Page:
I realize now calling it a failed album was a bit harsh on my part. The issue with that album wasn’t the quality of the music or the production value or the monetary success (or lack thereof). The issue what that I made something I wasn’t fully invested in as an artist, and I consider that a personal failure. It was my first post-“The Voice” release. I didn’t know what kind of record I wanted to make and was terrified it wouldn’t be accessible to everyone who had voted for me and supported me on the show. And I think you can hear that confusion and indecision in the music. In trying to make a record for everyone, I made a record for no one. And while I’m proud of all the work everyone put into it (including the fantastic musicians and producers) and grateful to everyone who crowdfunded it, I understand why people didn’t connect to it. Because I wasn’t connected to it.

Being on “The Voice” was complicated. It was really hard to try and make something beautiful and special amid all these reality tv artifices. The environment was more conducive to creating compelling TV than great performances (in my humble opinion). That being said, it was also life-changing and taught me a lot about myself. I was an underdog from the start. Everyone assumed I would be going home and was as surprised as I was when I kept hanging on week after week. And I could feel that lack of belief in me from everyone – the contestants, producers, some fans of the show, even my own coach at certain points. So I had to really dig in and find a core strength and belief in myself I didn’t know I had, despite being surrounded by non-believers 24-7. And that’s HARD. But I did it. And as much as I feel like those weren’t my very best performances, I’m still proud of my time on the show.

What would you say is the overarching theme and feel of your last album, Stars? Is it hope, romance, something else? Who is that album for?

I’m not sure who this album is for yet – I’d like to think it still has time to find its people, and I’d like to think I’ll be surprised by who those people are.

For me, it was a return to innocence and hope, a personal rediscovery of why I fell in love with music in the first place. It touches on love, loss, resilience, starry nights in the desert, family, friendship, and romance. It’s a warm hug and chicken soup, a love letter for lovers and dreamers and anyone who wants to believe in a little bit of magic. Bonus points if like your music with a side of sparkling Americana and Folk-Pop. 🙂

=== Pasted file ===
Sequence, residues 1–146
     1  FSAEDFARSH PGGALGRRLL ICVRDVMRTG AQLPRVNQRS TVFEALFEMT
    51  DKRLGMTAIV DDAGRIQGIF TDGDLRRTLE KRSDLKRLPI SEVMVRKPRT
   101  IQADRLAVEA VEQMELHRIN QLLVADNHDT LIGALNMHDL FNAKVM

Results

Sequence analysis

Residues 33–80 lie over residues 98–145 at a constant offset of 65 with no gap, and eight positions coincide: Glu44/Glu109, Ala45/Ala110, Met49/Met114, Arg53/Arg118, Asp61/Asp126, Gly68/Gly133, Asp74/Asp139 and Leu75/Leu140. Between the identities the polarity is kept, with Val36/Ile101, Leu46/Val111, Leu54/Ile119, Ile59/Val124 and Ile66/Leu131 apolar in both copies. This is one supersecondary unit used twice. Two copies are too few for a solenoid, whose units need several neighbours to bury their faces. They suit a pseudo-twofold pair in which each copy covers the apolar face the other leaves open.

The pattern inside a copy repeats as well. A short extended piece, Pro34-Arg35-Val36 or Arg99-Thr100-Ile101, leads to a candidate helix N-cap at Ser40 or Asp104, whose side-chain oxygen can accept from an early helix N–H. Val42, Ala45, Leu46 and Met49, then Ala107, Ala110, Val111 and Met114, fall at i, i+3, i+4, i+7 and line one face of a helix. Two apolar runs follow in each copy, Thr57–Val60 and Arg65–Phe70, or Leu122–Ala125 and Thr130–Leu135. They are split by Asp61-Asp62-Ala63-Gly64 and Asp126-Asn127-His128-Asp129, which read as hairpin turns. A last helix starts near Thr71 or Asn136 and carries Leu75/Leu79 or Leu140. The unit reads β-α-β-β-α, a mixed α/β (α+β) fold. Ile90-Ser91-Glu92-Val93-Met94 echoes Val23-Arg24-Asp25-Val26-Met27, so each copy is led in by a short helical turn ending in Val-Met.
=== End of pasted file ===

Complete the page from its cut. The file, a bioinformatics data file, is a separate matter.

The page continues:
What does country music mean for you, what epitomizes this genre in your eyes and ears? Who are your influences?

When I think of Country music, I think of classic Country artists like Hank Williams, Johnny Cash, Dolly Parton (always and forever!), Conway Twitty, and George Jones. It’s really honest, expansive music that draws a map of the human heart in a way that’s easily understood and accessible. There’s a steely backbone but also a certain fragility to my favorite Country songs – a sense of resilience that I find really compelling.

Country music also reminds me of my childhood in North Carolina – the long afternoons, green grass, and winding country roads that seem to go on forever. It’ll be always tied to that part of my life, and it feels good to honor that in some small way.

How is country and pop music changing, is it crossing paths with other genres more? How do you think it will evolve in the future?

I don’t listen to a lot of current Country music, so I’m probably not the best person to speak on this. But I will share my .00002 cents. It’s a pretty male-dominated industry, and I think there are a lot of mediocre men that all look and sound the same making very similar music right now. And I’m not a huge fan of it. But I also see a lot of women innovating and changing the face of country music for the better – Kacey Musgraves, The Highwomen, Yola, Miranda Lambert, etc. What they’re doing is exciting and feels more like the country music I grew up knowing and loving, and they give me a lot of hope for the future of that industry.

How about your future plans? What does the future hold for you, as far as you can tell?

Next up I plan to keep promoting this record to the best of my ability and get these songs to as many ears as possible. We’re planning more lyric videos, a behind-the-song series, some live acoustic videos, and a college radio campaign for this album in the new year. I’m also doing some early dreaming about my next release (which will be very different from this release but very fun in its own way) and a few one-off singles.

Beyond that, I don’t have a five-year plan. My ultimate goal is to just keep making music as long as I can. I’ve learned not to be bound to a particular outcome but to do what I love and hope it lands for someone, anyone. If it ever stops bringing me joy (God willing) I’ll adopt six more dogs and move to the country.